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GEOGRAPHY

New Hampshire is part of the New England region. It is bounded by Quebec, Canada to the north and northwest; Maine and the Atlantic Ocean to the east; Massachusetts to the south; and Vermont to the west.

The White Mountains range in New Hampshire spans the north-central portion of the state, with Mount Washington being the tallest in the northeastern U.S., and other mountains like Mount Madison and Mount Adams surrounding it. With hurricane-force winds every third day on the average, over 100 recorded deaths among visitors, and conspicuous krummholz (dwarf, matted trees much like a carpet of bonsai trees), the upper reaches of Mount Washington claim the title of having the "worst weather on earth.".

In the flatter southwest corner of New Hampshire, another feature, the prominent landmark and tourist attraction of Mount Monadnock, the second most climbed mountain in the world.

The Appalachian National Scenic Trail passes through New Hampshire.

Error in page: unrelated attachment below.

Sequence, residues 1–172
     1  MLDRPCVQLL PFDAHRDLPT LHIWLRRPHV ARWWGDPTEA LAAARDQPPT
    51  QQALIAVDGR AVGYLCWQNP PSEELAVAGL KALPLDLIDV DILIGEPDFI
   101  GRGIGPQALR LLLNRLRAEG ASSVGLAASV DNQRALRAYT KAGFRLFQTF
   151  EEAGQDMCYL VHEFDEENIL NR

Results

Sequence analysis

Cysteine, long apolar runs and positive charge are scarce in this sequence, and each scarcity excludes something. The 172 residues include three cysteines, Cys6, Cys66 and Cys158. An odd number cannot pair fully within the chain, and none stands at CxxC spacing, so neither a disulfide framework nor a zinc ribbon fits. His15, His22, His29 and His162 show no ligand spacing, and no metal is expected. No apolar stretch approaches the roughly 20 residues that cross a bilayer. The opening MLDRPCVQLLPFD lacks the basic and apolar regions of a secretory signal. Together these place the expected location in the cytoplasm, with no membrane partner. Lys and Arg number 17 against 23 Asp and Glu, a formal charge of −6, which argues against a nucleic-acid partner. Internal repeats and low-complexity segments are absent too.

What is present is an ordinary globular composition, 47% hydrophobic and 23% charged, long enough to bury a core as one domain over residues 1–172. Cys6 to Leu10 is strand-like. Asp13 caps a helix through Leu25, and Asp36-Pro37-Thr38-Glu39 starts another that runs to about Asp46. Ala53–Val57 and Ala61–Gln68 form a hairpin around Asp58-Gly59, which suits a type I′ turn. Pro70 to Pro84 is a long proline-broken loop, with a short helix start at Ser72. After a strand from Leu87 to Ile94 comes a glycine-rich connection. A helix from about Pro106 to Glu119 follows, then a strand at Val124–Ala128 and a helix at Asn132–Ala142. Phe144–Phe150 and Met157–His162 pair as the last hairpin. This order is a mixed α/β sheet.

Major rivers include the 110-mile (177-km) Merrimack River, which bisects the lower half of the state north-south and ends up in Newburyport, Massachusetts. Its major tributaries include the Contoocook River, Pemigewasset River, and Winnipesaukee River. The 410-mile (670-km) Connecticut River, which starts at New Hampshire's Connecticut Lakes and flows south to Connecticut, defines the western border with Vermont.

Oddly, the state border is not in the center of that river, as is usually the case, but lies at the low-water mark on the Vermont side; so New Hampshire actually owns the entire river where it runs adjacent to Vermont. The "northwesternmost headwaters" of the Connecticut also define the Canadian border with New Hampshire.

The Piscataqua River and its several tributaries form the state's only significant ocean port where they flow into the Atlantic at Portsmouth. The Salmon Falls River and the Piscataqua define the southern portion of the border with Maine. The state has an ongoing boundary dispute with Maine in the area of Portsmouth Harbor, with New Hampshire claiming dominion over several islands (now known as Seavey Island) that include the Portsmouth Naval Shipyard as well as to the Maine towns of Kittery and Berwick.

The largest lake is Lake Winnipesaukee, which covers 72 square miles (186 km) in the east-central part of New Hampshire.



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